Liturgy Celebrated in Turkish-Occupied Famagusta



The church of Saint George, Famagusta, Cyprus. Photo by CNA

Both Greek and Turkish Cypriots attended an Orthodox Liturgy in the occupied region of Famagusta on Sunday morning.

It was the first time Greek Cypriots were able to attend a Liturgy in the church of Saint George Exorinos (Agios Georgios Exorinos) by using the newly constructed Dherynia crossing. Before the crossing was opened, they were forced to drive an extra 40 minutes in order to reach the church, located only two kilometers away from the free Greek side of the island.

According to Cypriot state-run news service CNA, many officials attended the Liturgy, including Averof Neophytou, the leader of the ruling DISY party of Cyprus, and the mayor of Famagusta, Alexis Galanos.

Speaking at a press conference on Thursday, Galanos said that the religious has a further symbolic meaning. It sends the message that the people of Famagusta want to return to their homes and want Turkish troops to end the illegal occupation of the land.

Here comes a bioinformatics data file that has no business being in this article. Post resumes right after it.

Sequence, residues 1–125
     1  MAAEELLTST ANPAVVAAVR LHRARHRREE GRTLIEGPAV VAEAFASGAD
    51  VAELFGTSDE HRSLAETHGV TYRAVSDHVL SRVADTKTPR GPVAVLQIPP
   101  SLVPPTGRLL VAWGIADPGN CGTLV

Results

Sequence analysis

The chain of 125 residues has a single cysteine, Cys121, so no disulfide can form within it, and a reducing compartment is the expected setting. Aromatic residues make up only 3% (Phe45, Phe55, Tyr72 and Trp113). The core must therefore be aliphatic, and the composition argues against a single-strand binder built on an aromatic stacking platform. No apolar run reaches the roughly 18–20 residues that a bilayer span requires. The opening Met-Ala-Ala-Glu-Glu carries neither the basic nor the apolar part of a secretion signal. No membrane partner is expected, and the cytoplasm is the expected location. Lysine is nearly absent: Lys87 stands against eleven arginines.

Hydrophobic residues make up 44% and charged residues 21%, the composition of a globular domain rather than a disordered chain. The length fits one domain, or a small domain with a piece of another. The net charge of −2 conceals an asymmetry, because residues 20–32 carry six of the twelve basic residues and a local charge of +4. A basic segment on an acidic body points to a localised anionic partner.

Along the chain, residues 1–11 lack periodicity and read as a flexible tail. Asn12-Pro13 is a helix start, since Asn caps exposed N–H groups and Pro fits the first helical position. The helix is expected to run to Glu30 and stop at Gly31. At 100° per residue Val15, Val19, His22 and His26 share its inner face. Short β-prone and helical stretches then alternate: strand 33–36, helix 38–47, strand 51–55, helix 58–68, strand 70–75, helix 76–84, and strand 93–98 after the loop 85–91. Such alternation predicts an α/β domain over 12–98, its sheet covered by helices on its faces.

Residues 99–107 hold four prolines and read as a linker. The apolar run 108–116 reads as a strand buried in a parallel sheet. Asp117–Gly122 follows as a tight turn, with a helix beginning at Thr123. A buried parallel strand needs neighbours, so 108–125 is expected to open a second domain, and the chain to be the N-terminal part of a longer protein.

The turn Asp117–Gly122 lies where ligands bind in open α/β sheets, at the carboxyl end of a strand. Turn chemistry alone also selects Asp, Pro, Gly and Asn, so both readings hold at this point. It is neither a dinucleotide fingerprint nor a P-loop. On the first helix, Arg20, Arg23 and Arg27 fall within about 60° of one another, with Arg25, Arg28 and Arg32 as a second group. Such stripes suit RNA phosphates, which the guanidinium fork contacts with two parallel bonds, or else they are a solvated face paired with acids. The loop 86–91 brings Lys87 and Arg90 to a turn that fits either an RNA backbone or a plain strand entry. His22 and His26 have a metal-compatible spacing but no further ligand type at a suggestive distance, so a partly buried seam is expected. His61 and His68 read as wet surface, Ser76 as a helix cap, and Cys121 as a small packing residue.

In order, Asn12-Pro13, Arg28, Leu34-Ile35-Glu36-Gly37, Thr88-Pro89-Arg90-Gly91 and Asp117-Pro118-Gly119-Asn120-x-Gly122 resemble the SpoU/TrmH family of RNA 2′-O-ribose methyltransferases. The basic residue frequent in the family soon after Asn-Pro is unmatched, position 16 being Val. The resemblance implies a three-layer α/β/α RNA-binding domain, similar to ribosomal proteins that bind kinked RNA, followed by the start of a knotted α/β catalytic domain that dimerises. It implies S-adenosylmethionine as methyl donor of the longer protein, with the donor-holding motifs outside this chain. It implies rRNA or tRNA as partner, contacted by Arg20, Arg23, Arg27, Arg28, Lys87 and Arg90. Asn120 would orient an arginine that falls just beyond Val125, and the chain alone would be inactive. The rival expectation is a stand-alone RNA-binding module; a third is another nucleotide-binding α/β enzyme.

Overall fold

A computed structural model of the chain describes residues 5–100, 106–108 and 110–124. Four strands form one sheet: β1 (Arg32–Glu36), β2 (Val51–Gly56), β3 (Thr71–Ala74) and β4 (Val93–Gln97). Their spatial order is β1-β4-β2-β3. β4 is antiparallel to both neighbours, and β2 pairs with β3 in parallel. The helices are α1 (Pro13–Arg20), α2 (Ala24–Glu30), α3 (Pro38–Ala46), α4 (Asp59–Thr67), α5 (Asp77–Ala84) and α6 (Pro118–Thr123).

He also added that the local authorities and the people of Famagusta are once again sending the message that the town should be returned to its lawful residents, and that U.N. experts should be allowed in the cordoned-off town of Varosha.

Varosha has been a ghost town since 1974, when its population was forced to leave the city after the Turkish invasion. Not one person has lived there since then.

Varosha, a once-thriving holiday resort on the eastern coast of Cyprus, has been fenced off since the 1974 Turkish invasion. The U.N. considers the Turkish military as solely responsible for this action.

Repeated attempts to hand over the area to U.N. administration and its lawful Greek Cypriot inhabitants have failed because of the hard-line stance taken by the Turkish army.

With information from C.N.A.